If there's one style that never goes out of fashion, it's Ligne claire or 'clear line', the 1940s art form pioneered by Tintin creator Hergé, and kept alive today by smashing illustrators such as Janne Iivonen.
The Brighton-based, Finland-hailing creator has put the Belgian technique of strong colours, cartoonish figures and realistic worlds to good use in 2020, lending an upbeat charm to everything from university guides to mechanical keyboard packaging.
The university guide came from The Guardian, one of the many publications Janne has illustrated for over the years and came in a year when going to university was perhaps not the fun fest it had been in previous years.
"The Guardian University Guide is a print and online guide that provides university rankings as well as helpful articles aimed at prospective students and parents looking to learn more about various uni-related subjects and how to decipher the statistics included within the guide," Janne tells Creative Boom.
"I was midway through to making the roughs when the pandemic really hit the UK properly, and I was worried that as uni enrolments were being postponed for obvious reasons, that the project itself would be shelved too. Luckily, in the end, I was able to continue work on it over the summer with a new launch date set for autumn. This actually worked in my favour in the end as I had the rare luxury of having ample time to revisit the roughs I sent initially and to hone the details of the final illustrations."
"Given the current circumstances, both the client and I felt that it was of utmost importance that the tone would be upbeat and inspiring. The brief itself was fairly open and quite large in scope, giving me enough creative freedom to do as I felt best. The only piece that had a little bit more direction from the get-go via Sara Ramsbottom (the art director at Guardian) was the print cover. Still, overall I was lucky to have a relatively free reign during this project. I feel truly honoured to have been allowed to create these illustrations, and I hope that people found them uplifting and inspiring."
Janne tells us that he also enjoyed working for RAMA Works recently, a Melbourne, Australia-based company that designs and produces boutique mechanical keyboards.
"A couple of years back, they asked me to create an isometric illustration to be used on the cover of a manual of one of their keyboards. I really loved working on that piece on top of which they are one of the most friendly and amazing clients I've had the pleasure of ever doing business with."
"Fast forward to spring this year, and the people at RAMA approached me again with a creative brief: this time around it was an illustration that would adorn the packaging of their soon-to-be-launched new keyboard, KARA. Again the brief was pretty open: the only requisite being that the keyboard itself would be featured in the illustration. I ended up drawing two different scenes, one with a single character hacking away on the keyboard in a fun and colourful room and another one which showed a scene of several characters working on their computers while using the KARA."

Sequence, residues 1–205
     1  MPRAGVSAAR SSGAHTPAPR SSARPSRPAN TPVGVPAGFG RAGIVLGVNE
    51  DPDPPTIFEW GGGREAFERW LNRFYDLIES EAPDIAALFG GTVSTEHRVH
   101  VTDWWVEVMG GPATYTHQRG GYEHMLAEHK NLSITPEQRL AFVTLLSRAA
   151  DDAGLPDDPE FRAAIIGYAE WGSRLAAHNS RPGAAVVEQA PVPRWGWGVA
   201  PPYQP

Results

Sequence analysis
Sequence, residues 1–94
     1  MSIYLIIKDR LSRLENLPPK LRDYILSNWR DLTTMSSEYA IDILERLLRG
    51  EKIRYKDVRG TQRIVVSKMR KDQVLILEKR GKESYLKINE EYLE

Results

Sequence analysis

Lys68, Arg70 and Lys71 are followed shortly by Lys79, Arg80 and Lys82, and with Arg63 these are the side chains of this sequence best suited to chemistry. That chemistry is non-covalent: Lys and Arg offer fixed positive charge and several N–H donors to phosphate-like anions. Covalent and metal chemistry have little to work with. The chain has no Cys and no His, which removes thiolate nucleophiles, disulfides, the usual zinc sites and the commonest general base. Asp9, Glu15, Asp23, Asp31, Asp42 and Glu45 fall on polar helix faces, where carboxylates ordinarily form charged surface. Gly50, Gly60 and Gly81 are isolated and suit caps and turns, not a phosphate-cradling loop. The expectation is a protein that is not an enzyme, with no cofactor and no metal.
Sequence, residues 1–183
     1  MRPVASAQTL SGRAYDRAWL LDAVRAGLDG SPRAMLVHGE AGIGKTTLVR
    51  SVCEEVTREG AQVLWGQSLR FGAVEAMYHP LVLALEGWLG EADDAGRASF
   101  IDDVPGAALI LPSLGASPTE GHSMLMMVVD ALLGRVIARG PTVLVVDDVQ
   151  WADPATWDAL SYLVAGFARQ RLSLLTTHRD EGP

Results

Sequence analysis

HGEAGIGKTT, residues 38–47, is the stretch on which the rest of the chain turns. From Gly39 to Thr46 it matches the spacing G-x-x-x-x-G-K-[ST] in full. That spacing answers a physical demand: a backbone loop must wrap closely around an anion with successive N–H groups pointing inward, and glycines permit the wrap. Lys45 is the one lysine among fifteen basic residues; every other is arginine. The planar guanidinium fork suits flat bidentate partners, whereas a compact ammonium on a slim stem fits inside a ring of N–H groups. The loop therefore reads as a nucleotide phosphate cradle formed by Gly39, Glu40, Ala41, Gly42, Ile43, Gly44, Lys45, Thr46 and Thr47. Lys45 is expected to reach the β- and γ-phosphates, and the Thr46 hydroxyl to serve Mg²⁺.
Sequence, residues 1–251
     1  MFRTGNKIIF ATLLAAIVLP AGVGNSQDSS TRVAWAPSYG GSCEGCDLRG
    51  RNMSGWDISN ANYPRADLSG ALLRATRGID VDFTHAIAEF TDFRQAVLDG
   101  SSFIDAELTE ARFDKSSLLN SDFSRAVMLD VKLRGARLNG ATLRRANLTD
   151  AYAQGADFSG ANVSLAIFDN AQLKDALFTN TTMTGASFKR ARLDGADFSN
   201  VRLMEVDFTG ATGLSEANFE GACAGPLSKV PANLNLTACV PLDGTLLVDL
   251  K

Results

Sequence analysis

"The brand colours that RAMA use are yellow, black, white and grey. However, as this keyboard is going to be available in a multitude of bright colours I took some cues from these while devising a palette that would be both striking and eye-grabbing: perfect for those eventual unboxing videos on YouTube!"
We finish our online chat by talking about Ligne claire, which Janne describes as a "quintessentially timeless and classic style."
"As it seldom chases trends it's bound to be en vogue for some time to come," he believes. "The reductive line work and flat colours have a clean and almost minimalistic sensibility to them, which rarely tends to go totally out of style. Also, the clarity, 'realism' and communicativeness are qualities that are probably always going to be in demand by designers and art buyers."
Not that Janne is solely drawing from the 1940s when it comes to creating.
"Lately I've also spent more time studying the colours, patterns and line work of Japanese ukiyo-e prints, which in some form influenced the first graphic styles of illustration in Europe (think art nouveau posters)."
"I try to keep my eyes open when consuming various forms of culture and news so that I can add in some zeitgeisty references to current fashions, habits and phenomena. I do follow my peers on social media, but it's more for just keeping up to date on what projects my friends have worked on, than for seeking inspiration or for checking in on the latest illustrations trends. I still find life itself the most inspiring thing, followed closely by the work of vintage illustrators and comic book artists."
Follow Janne Iivonen on Instagram @mr_jti.